The clickety-clack of a typewriter, journalist Joe Alsop’s weapon of choice, can be heard throughout David Auburn’s bioplay The Columnist, a finely-drawn portrait of one of the mid-twentieth-century’s most influential and, now, forgotten figures.
At the peak of his career, Alsop’s syndicated column was appearing in upwards of 190 papers each week according to his own figures in the play, reaching countless readers, his influence extending from the 1930s all the way through to the 1970s. Emphasizing fact over gossip, Alsop’s brand of journalism aimed (most of the time) to reinforce the government’s stance on tough issues and to uphold a certain standard of nationalistic integrity, all within the realm of truthful reporting.
As portrayed in The Columnist, Auburn’s first Broadway outing in twelve years (since 2000’s Proof), he’s a man of his convictions and yet a man of contradictions — a family man and a guarded homosexual, a diligent reporter with a sort of unspoken, even repressed understanding that, by towing the party line, his brand of patriotic moralizing can itself collapse under the weight of the 1960s’ tumultuous political climate.
As Alsop, John Lithgow gives one of the finest performances of his career. Having taken home a Tony previously in his role as fictional columnist J.J. Hunsecker in the musical adaptation of Sweet Smell of Success, his understanding of the contradictions of public and private life have been finely honed.
The play begins with Alsop laid bare. He’s relaxing in bed in a hotel in Moscow in 1954 as a young Russian man makes to leave his room after a steamy night. By his own account, the young man is a tour guide, but his self-identification ultimately deceives, and the implications of this night — and of Joe’s crippling fear of exposure — reverberate throughout the remainder of the play, which mainly focuses on Alsop during the Kennedy and Johnson years, portraying his marriage to Susan Mary Alsop (nee Patten; her first husband was the diplomat William S. Patten), with whom Alsop had a not-so-tacit understanding regarding his sexuality.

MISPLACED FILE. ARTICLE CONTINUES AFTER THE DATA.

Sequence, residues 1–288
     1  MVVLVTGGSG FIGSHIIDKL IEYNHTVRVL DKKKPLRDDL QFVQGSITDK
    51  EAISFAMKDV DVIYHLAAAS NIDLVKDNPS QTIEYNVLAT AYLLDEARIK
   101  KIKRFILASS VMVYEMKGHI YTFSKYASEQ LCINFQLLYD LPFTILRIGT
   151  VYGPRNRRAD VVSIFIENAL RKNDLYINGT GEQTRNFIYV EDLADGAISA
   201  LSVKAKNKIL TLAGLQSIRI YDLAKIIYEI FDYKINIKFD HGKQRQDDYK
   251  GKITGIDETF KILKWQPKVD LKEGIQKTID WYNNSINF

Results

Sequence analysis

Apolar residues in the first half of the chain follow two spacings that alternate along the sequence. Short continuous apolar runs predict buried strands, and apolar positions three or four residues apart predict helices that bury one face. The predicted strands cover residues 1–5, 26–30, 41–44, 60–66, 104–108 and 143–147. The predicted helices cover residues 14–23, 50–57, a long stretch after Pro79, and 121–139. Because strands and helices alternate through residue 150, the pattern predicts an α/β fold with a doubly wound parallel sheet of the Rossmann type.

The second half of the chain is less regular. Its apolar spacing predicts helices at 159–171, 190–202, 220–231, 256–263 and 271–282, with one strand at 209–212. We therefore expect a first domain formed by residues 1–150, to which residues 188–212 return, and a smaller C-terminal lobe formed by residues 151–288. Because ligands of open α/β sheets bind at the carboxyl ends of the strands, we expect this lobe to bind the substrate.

Critics of the play will likely cite its episodic quality and its tendency to jump through time as its fault. Seeking to cover the period between 1954 and 1968, Auburn’s take plays fast and loose with the facts (the Moscow incident above actually occurred in 1957; Alsop’s divorce was actually 1978, while Auburn moves the collapse of his marriage up by ten or so years for dramatic effect). Much is covered over the course of the play, but the play’s way of speeding through time leads, ultimately, to greater meaning rather than fragmentation, affording we as audience members a chance to follow the twists and turns of a decade-spanning story without having each element spoonfed.
Lithgow is, to be sure, the highlight of the production, imbuing the role of Alsop not only with a great deal of pathos but with an appealing, latently queeny pith. Though he’s a maddeningly difficult character to root for, his genuine affection for his wife Susan (an excellent Margaret Colin) and stepdaughter Abigail (Grace Gummer, 26, playing various states of girlhood) shed light on his more human side. As he’s shutting them out in favor of the preferred clickety-clack of his career, there’s still the sense that he understands the cost of his brusqueness, even if he’s unable not to make the sacrifice.
Similarly excellent is Boyd Gaines as Joe’s brother Stewart, who shared the responsibilities of the column with Joe in the early days of their career. As a younger brother, he lived consistently in Joe’s shadow, and Gaines captures exactly the protective instincts of the younger sibling who alternately idolizes and is wary of his big brother, the shadow looming largest over his career.
As directed by Daniel Sullivan, the play’s movement through time keeps up the brisk pace of the piece, which is often infused with a world-weary tenseness that makes this one of the season’s most thrilling plays. It’s hard not to watch with a certain degree of Schadenfreude as an audience member while Joe conquers the world of journalism and yet fails, often miserably and yet so humanly, in his own life.
Up there with many a greatly-written tragic hero is the fictionalized Joe Alsop, whom playwright Auburn holds up as a sort of broken mirror in an age of bite-sized Twitter journalism — where the sound byte wins and Alsop’s attempts at journalistic ethics are slowly corroding. In the face of it all, even a frightened man, the play suggests, can make the right choice, and in charting the journey of this deeply, flawed, deeply compelling character, The Columnist proves itself a worthy, challenging night of theatre.
Correction: A previous draft of this review misstated Susan Mary Alsop’s first husband’s profession. He was American diplomat William S. Patten, not General George S. Patton.